This is a controversial choice but I’m still mad at Gary Stevens for the pass that let Ronnie Whelan in at the 1986 cup final. Snodin came from Leeds United as a midfielder and he was alright there, but when he filled in at right back for a spell he was superb. Fast, aggressive and smart, he made the position his own and was called up for England but had to withdraw when injury knackered him. 7

CB: Dave Watson

Wretched at first – a Guardian match report on one of his early games (probably by Ian Ross) reckoned he and Kevin Ratcliffe weren’t on first-name terms yet – he became one of Everton’s most important post-war players. Rock solid, rock hard and fond of unorthodox refuelling methods, Watson was superb. Lifted the FA Cup as captain in 1995 and once ruffled Michael Owen’s hair when the little swine was whining. 8

CB: Joleon Lescott

Most people my age would go for Kevin Ratcliffe here, and he was a good player and our most successful skipper, but Lescott was simply brilliant for us. His defection basically finished football for me. Good on the floor, good in the air, fast and with an incredible knack for scoring (big) goals, him leaving left a massive hole in my betting strategy. 8

LB: Pat Van den Hauwe

An absolute beast but a brilliant player. Once put Vince Hilaire over the advertising hoardings at Goodison with a spirited tackle. As Hilaire’s twitching torso was stretchered off people were whispering ‘I think he’s dead’. Also smashed through Jimmy ‘sh**house’ Case after he’d fouled Adrian Heath or Trevor Steven (can’t remember which) when playing for Southampton. Scored the goal which clinched the 1987 championship at Norwich City. 8

RM: Andrei Kanchelskis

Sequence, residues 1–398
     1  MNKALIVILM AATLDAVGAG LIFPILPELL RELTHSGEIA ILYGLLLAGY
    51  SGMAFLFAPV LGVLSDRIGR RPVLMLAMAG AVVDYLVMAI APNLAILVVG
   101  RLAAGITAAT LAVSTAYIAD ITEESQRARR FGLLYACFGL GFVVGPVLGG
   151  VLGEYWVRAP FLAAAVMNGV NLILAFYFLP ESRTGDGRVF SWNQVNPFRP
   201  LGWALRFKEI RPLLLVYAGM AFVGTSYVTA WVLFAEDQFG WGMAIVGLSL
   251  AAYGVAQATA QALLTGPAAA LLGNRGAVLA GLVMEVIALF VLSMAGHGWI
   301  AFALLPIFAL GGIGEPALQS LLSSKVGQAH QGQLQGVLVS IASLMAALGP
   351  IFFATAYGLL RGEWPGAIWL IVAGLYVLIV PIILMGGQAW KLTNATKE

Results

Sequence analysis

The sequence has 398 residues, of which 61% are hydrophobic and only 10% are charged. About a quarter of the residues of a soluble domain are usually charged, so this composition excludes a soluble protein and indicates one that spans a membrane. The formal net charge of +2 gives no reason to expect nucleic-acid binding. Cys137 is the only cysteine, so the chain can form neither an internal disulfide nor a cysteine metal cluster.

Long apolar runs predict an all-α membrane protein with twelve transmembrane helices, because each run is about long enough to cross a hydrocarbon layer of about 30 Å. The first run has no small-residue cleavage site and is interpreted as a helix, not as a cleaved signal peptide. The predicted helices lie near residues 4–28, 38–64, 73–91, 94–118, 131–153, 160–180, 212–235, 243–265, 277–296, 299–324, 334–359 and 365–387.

My god what a player. Twenty goals in 52 league appearances in just under two seasons, including a cracking brace at Anfield in a 2-1 win in November 1995. He was fast as f**k with a great shot and a fine head too. At times Kancheskis was unstoppable – then he got the hump over a move to Fiorentina and that was that. 9

CM: Peter Reid

Described by Howard Kendall as Everton’s most important post-war signing. Paul Bracewell was arguably a better player but not as important. Reid wasn’t the quickest but he had everything else – he’d be priceless in today’s game. Although he’d get sent off a lot. Along with Kim Gordon and Jonny Marr, the only famous person I’d like to meet. Although we’d make an odd crowd. Marr would probably sneak off early having left his share of the bill but ‘forgetting’ the tip. 9

CM: Mikel Arteta

I was slow to warm to Arteta as I feel midfielders should be able to tackle, and it annoyedme off that he needed Lee Carsley in there to hold his hand at times. But the best little Spaniard was brilliant for Everton before he joined the sinking ship in London. Fit wife too. 9

LM: Kevin Sheedy

Sheer brilliance. I don’t know who Liverpool had on the left in 1982 when Sheedy joined us but he must have been brilliant. Sheedy wasn’t quick but he didn’t need to be because his touch, passing, crossing and shooting were so good. But it’s the free-kicks people remember, with many pointing to an FA Cup tie with Ipswich where he smashed it top corner, was told to retake, and smashed it in the other corner. Magic. 9

CF: Peter Beardsley

Along with Sheedy the most skilful Everton player I’ve ever seen. John Motson on Match of the Day when we played (I think) Coventry said: “You could take this first 30 minutes from Beardsley and put out a video called ‘how to play football’”. There’s no better sight than Beardsley shaking his hips, sending the defender the wrong way and then stroking the ball past a baffled keeper. 9

CF: Graeme Sharp

Everton’s post-war record goalscorer, Sharp scored some of the most important goals in the club’s most successful period, including the winner at Anfield in 1984/5, the first in the 1984 FA Cup final, and the equaliser in the home leg of the 1985 European Cup Winners’ Cup semi final against Bayern Munich. The Toffees went on to win 3-1 in a game regarded by many as Everton’s greatest ever. If you weren’t there you missed out because it was ace. 9

Gaffer: Howard Kendall.

Managed the best team of my lifetime, and won things to boot. 9

Total: 103

Result: QPR 102 - 103 Everton

The Everton legends edge this one, with only a single point in it. Looks like the quick wit of Andrei Kanchelskis and the skill of Geordie maestro Peter Beardsley were too much for the West London boys - however with QPR sitting just above the relegation zone and in dire need of points, it could be a completely different story today at Loftus Road.